Of course, the above scenarios do not cover all of the potential circumstances. For those with excellent coverage that was common in years past, seeking care at an in-network facility can sometimes save a lot of money. Also, prescription coverage varies widely. When I needed to pick up a prescription medication a couple of years ago, I had the pharmacy run it with my insurance. It was just over $80. I asked the pharmacy to run it with a GoodRx coupon (always a good idea, in my opinion) and it was about $34. So instead of using my insurance, I used the GoodRx coupon.

So who is saving the most money from this?

Some who could highly benefit from seeking out cash practices like VibrantSkin Dermatology and Laser include:

  • People utilizing health sharing ministries (more on this next month)
  • Those without health insurance
  • Individuals/families who do not anticipate meeting their high deductible
  • Patients wishing to avoid their medical insurance obtaining information about their medical care (see link here)
  • Those who wish to pick their physicians rather than be limited to a list provided by a plan


What about Medicare? Medicare is federal medical insurance for people 65 and older, some disabled persons, and those with end-stage kidney disease. Premiums for Medicare are dependent on income and currently range from $135.50 to $460.50 per month. (1) Deductible is $185 and coinsurance (the percentage of covered health care costs that you pay once deductible met) is 20%. A patient on Medicare can see physicians who have opted out of the program provided that s/he (the patient) signs a private contract with the opted-out physician(s) and pays the opted-out physician directly. Medicare cannot be billed for any services provided by an opted-out physician (except in the case of an emergency). Medicare is a lifesaver for many patients, but it does not cover everything. For example, Medicare does not cover removal or destruction of a painful callus. (2) Of course, treatment of benign growths that are only cosmetically bothersome and not inflamed is also not covered by Medicare (or any insurance for that matter). So even though the majority of patients on Medicare seek a physician enrolled in it for their medical needs, there may be times that an opted-out physician is a good option.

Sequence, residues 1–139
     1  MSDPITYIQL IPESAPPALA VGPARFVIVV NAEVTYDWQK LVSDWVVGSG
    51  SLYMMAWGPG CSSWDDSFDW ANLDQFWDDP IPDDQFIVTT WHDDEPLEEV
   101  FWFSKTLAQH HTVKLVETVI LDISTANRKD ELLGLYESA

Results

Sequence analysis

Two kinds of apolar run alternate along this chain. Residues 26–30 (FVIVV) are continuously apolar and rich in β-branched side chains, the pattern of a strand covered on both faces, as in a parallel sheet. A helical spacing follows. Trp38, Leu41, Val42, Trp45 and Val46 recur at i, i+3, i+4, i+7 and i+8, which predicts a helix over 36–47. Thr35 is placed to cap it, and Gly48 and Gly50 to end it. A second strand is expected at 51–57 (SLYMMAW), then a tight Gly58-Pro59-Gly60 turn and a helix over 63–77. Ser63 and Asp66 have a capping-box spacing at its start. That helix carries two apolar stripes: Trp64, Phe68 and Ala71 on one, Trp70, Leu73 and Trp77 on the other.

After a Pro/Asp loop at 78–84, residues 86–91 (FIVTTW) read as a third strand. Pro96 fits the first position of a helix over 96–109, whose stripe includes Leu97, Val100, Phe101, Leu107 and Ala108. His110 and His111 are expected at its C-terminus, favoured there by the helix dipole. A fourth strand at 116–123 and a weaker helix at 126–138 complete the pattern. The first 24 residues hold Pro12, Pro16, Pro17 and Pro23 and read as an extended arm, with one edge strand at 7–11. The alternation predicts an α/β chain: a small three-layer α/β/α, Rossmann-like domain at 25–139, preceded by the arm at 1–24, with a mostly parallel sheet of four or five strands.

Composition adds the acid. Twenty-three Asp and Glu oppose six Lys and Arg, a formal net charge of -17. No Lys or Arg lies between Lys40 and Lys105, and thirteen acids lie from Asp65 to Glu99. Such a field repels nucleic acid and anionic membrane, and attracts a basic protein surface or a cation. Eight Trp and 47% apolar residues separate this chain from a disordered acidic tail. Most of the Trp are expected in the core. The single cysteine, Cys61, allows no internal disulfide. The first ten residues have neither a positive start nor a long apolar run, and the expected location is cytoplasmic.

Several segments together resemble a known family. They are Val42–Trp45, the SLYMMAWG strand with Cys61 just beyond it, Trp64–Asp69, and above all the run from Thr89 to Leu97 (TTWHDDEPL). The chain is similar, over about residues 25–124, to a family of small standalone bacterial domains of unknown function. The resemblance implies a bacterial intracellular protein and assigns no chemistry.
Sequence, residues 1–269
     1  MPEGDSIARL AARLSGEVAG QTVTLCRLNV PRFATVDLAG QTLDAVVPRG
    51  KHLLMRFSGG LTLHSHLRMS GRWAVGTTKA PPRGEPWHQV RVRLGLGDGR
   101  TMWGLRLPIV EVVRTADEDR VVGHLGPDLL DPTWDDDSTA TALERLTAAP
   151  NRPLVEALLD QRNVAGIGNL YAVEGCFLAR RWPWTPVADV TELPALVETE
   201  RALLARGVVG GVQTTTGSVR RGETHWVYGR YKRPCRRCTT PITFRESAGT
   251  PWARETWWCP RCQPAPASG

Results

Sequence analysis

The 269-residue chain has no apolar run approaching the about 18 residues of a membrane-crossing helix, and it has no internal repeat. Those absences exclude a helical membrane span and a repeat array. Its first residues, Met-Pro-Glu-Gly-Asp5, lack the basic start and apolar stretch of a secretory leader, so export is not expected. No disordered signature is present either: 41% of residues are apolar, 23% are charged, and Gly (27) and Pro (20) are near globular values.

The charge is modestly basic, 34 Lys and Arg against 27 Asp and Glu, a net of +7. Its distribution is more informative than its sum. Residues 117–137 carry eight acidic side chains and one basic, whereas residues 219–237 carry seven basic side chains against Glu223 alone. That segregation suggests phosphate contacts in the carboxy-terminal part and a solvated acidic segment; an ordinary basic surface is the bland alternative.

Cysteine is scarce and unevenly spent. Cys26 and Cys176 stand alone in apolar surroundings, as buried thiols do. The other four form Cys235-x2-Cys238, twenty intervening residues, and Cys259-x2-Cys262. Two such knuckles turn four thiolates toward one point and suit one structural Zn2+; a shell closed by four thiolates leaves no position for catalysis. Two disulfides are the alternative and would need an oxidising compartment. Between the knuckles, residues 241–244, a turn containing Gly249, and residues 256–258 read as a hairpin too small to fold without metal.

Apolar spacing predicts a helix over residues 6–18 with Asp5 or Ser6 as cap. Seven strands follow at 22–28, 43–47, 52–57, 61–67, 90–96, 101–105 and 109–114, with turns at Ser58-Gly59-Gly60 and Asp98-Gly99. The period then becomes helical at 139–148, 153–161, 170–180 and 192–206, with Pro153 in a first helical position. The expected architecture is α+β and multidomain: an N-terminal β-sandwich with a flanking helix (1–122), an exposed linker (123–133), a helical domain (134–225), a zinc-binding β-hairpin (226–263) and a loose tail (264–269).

Whether you have insurance or not, you may be able to save a lot of $ and still get excellent care by seeking out a direct pay/cash medical practice like VibrantSkin Dermatology and Laser. With pricing available online for all medical and surgical treatments, you can get a ballpark idea of your costs ahead of time. Our staff can help by giving estimated visit times and charges so you can plan accordingly.

If you have insurance, don’t assume that getting care at an in-network office is the lowest priced or best option. Know your plan and what it covers to get the most out of it. Be sure to weigh the benefits of using insurance against the costs. You may find that you’ll come out on top by paying out of pocket.



Kesha Buster, MD FAAD (board-certified dermatologist)